Orange peels are a residual flow of juice production. How many supermarkets, cafes, restaurants and catering establishments do you know that doesn't sell fresh orange juice? Mostly the peels of oranges are thrown away, or they are used in non-food products. In the Netherlands annually 10,000 truckloads with orange peel are thrown away.

BonBorange wants to use this residual flow as optimally as possible and therefore they process it so they can enriches chocolats with it.

Orange peels contain valuable substances such as vitamin C, oils, fibers and pectins! The peel has two parts, the orange part and the white part. The orange part is turned into a powder that has a fresh orange flavour.

Pectin is extracted from the white part, and is used to produce a jelly. The bonbon is filled with these two great ingredients.

BonBorange stands for bringing enjoyment and sustainable together. Even when you’re eating a tasty chocolate, you can be good for the environment!

Download initiative
Orange Citrus sinensis L.
Application area
Food & feed
Scale-up stage
Public availability
Relevant plant compounds
Pectine Peels

Examples of end products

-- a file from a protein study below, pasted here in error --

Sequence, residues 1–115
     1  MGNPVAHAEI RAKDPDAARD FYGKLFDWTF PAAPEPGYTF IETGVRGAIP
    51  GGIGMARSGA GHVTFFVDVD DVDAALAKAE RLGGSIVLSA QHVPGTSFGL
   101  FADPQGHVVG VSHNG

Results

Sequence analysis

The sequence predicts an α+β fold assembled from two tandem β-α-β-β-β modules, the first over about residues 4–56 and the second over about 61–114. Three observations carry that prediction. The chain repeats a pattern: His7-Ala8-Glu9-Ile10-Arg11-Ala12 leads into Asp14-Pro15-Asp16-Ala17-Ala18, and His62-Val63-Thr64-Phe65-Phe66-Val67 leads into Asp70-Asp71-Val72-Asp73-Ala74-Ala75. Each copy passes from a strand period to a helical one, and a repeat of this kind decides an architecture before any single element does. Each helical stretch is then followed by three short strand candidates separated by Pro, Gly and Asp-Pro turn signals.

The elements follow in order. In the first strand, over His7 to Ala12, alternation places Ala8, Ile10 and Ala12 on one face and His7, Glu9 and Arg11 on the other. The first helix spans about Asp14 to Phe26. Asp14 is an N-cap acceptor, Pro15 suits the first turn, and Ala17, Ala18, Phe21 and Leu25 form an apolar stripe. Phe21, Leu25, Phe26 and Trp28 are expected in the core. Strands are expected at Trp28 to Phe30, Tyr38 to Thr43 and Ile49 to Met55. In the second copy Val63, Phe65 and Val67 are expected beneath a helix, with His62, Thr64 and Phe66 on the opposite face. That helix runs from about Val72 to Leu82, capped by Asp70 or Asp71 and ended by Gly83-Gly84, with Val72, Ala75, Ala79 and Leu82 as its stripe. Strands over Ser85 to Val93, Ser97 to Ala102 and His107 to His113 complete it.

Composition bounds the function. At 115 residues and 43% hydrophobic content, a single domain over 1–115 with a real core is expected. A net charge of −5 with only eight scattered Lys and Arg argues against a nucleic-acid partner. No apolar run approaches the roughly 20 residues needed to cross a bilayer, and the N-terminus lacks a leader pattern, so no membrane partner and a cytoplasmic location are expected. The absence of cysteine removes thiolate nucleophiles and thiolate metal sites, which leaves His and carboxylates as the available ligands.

Chocolat filled with orange peel jelly

The pectin from the white part of the orange peel is used to make a jelly. The jelly is enriched with the powdered orange part of the peel. Together they form a tasty filling for bonbons.

Market topics

Points of sales wanted

The startup BonBorange is looking for resalers who, besides selling the products, also wants to tell the story of these bonbons to the consumer.

Jelly producer wanted

The startup BonBorange wants to grow and is therefore looking for a producer that can produce jelly from the peels.

Pros and cons

Co-products and residuals

White pulp from the skin remains from our process. This can be further utilised, on a larger scale, e.g. in the paper industry.

Used conversion methods

Mechanical-Physical processes